Ask a young professional rider to list his hobbies and it’s not too often that the response will be 'studying,' but then there has been precious little typical about Matej Mohoric's path to this point.
After achieving the unprecedented feat of becoming world road champion at junior and under-23 level in successive years, the Slovenian became the youngest rider in the WorldTour when he joined Cannondale last year at the age of just 19.
Yet between stepping up to the rigours of professional racing and taking a crash course in Italian, the lingua franca of his new team, Mohoric decided to sign on for an online course in sports management at the University of Southern Denmark.
"I just decided to do it because I missed school, I missed sitting behind the books," Mohoric told Cyclingnews. "It was an online university course, through English. The first three semesters were actually on tourism and organisational behaviour and then afterwards it becomes sports management."
As 2015 drew on, however, the difficulty of combining the student life with that of a WorldTour rider began to make itself felt and, reluctantly, Mohoric opted out of his university programme. "I did the first semester but once the season started properly it became more difficult," he said. "I had a greater volume of training, more travel and often there's no internet connection in the hotel, so I said I'd stop because it was taking up too much time. But I'll see. Maybe I'll get back to it in future."
For the time being, Mohoric's lessons will come primarily from the school of hard knocks that is the WorldTour peloton and here, too, he has already proven a willing student. History is littered with successful amateurs who struggle to re-calibrate their ambitions on entering the professional ranks, but Mohoric is happy to serve an apprenticeship.
"I had absolutely no problem with not winning, I expected that," he said of a debut season where 5th place on a stage of the Tour of Alberta was the high points in terms of results. "I knew that it was time to train, to absorb this work and the effort we put into our profession. But it was a good year, a decent year. I gained a lot of experience, and I finished most of the races I started so that was a good thing."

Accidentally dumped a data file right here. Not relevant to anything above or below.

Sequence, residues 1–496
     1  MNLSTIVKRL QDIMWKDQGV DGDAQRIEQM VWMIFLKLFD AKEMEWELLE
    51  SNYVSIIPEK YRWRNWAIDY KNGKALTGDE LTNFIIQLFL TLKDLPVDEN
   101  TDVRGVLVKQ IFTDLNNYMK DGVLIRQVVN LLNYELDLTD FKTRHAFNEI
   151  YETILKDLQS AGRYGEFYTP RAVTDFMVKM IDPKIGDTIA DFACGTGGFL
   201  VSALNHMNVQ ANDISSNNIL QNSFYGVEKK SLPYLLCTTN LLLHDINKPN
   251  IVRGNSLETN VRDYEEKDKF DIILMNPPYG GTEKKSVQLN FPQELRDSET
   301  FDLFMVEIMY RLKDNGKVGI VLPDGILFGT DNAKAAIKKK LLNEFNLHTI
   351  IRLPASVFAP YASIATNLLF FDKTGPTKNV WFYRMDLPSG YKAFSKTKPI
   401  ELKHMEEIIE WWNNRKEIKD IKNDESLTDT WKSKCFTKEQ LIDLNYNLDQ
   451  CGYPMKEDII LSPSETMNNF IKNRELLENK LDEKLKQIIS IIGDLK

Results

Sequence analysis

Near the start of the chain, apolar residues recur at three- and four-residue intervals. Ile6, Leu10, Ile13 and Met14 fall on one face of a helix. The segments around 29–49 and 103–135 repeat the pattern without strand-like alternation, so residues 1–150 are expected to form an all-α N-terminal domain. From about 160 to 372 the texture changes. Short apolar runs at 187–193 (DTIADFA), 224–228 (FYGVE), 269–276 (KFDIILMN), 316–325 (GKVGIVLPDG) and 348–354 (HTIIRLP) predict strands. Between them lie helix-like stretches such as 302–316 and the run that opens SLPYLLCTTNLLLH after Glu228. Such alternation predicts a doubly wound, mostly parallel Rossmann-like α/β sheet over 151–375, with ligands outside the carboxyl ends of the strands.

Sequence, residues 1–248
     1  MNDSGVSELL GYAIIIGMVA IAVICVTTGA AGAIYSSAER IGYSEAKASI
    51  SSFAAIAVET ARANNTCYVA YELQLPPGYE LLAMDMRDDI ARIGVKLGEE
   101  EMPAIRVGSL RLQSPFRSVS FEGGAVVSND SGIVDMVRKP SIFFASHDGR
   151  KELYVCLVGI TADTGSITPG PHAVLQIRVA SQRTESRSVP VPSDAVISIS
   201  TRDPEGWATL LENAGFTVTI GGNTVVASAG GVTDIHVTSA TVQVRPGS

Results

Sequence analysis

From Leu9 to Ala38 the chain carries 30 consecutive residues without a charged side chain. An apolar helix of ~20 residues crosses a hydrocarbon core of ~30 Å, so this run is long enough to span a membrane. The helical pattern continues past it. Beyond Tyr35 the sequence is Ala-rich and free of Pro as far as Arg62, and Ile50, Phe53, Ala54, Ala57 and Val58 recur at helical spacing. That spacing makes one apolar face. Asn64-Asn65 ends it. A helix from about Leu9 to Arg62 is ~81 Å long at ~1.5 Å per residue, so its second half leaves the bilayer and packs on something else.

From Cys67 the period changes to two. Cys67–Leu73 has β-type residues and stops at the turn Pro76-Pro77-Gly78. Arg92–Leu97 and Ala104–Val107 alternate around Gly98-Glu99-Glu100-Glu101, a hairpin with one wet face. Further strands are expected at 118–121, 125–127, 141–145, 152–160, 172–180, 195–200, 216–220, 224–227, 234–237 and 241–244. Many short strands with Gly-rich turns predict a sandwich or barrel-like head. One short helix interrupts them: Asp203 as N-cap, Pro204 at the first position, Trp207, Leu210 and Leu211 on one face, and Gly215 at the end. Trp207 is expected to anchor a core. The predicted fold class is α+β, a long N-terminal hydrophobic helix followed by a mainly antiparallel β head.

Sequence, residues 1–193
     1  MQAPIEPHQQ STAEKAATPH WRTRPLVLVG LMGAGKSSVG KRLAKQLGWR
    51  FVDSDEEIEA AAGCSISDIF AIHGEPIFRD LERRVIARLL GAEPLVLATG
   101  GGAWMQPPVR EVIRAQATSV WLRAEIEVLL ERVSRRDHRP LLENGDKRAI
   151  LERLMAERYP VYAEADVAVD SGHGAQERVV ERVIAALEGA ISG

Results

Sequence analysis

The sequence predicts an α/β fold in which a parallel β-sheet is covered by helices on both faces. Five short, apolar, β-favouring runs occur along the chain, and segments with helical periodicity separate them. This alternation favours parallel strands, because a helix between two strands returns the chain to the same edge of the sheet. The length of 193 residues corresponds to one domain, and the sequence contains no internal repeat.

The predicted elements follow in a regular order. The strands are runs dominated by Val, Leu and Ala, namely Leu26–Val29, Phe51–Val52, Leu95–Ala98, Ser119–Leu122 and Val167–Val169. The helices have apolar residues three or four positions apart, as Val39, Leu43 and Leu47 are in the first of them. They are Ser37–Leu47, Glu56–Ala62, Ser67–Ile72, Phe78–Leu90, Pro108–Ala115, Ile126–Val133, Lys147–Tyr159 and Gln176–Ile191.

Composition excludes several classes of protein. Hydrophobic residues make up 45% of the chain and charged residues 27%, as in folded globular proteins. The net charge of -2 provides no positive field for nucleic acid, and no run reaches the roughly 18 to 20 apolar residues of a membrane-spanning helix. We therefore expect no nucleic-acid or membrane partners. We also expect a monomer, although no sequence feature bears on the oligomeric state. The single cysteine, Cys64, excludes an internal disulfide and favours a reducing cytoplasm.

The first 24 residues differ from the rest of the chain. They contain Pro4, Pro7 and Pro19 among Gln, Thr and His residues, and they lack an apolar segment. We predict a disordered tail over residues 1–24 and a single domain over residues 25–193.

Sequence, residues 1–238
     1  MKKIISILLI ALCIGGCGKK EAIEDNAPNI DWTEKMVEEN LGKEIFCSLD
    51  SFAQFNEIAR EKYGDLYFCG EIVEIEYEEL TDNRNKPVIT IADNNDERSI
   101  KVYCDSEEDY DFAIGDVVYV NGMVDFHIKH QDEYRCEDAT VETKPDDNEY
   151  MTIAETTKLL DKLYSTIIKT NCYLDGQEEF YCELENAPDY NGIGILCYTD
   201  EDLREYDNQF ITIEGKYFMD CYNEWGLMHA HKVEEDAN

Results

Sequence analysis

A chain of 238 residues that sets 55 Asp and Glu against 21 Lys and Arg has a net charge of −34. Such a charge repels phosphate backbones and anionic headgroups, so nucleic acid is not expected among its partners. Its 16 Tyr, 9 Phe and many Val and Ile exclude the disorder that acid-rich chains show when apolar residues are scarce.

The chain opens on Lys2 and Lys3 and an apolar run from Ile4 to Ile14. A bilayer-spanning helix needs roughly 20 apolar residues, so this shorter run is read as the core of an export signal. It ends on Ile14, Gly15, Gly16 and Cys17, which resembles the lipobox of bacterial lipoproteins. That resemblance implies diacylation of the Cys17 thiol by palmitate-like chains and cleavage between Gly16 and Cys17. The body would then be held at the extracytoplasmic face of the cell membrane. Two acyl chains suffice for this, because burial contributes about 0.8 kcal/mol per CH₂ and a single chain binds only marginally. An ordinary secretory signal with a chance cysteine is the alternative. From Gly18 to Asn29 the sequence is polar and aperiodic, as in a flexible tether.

2015 sees a further change for Mohoric, who was part of the delegation of riders from the old Cannondale set-up who joined the revamped Cannondale-Garmin squad following the merger with Slipstream Sports. His first appearances in lime green argyle came at the Challenge Mallorca, and speaking at the team's training camp in Port d'Alcudia last week, he was enthusiastic about the set-up.
"I had a contract so there was nothing I could do about it but I always had respect for the Garmin team because I think Slipstream Sports is a great organisation and we had good vibes," he said. "Now that I'm here, my respect is actually even bigger because I really like the way the team is functioning."
One practicality of the move is that Mohoric has been able to begin working with his coach from his junior and under-23 days, Milan Erzen, after a year spent under the watch of Sebastian Weber – who, incidentally, also moved across to Cannondale-Garmin as part of the merger.
"It's not compulsory anymore to be coached by the team [as it was at Cannondale – ed.] and I preferred to take my personal coach back because I trust him and I believe in what we do. And so far it seems like it was a good decision," Mohoric said. "I'm excited about seeing the progress."
As was the case last year, Mohoric will measure his progress by performance rather than by results in 2015, though he has a brace of short stage races highlighted on his programme as useful interim tests. "Races like the Tour of the Basque Country in April or the Tour de Romandie might fit my characteristics well," he said. "I won't win but I'll definitely come there well prepared and ready to help my teammates as well. I think it's important to first be part of the team before the day comes when you're the one who tries to win."
In his amateur career, Mohoric showed remarkable dexterity to win across a range of terrains, but at the highest level, a greater degree of specialization is required. His first world title came on a course for puncheurs in Valkenburg, the second on the demanding Florence parcours, and it remains to be seen if he will major in the Ardennes Classics or in stage races.
"I like climbs and time trials, so I'm quite good in shorter stage races but for now I'm too young to think about the Grand Tours," he insisted. "I also like the really tough one-day races like Lombardy or Liège. I did Liège last year and I loved it, but we'll see what the future brings.
"For now, the objective is to help the team and when the time comes, I'll probably make a switch to short stage races and tough one-day races. And then maybe, one day, to the Grand Tours."
It's all a learning process.
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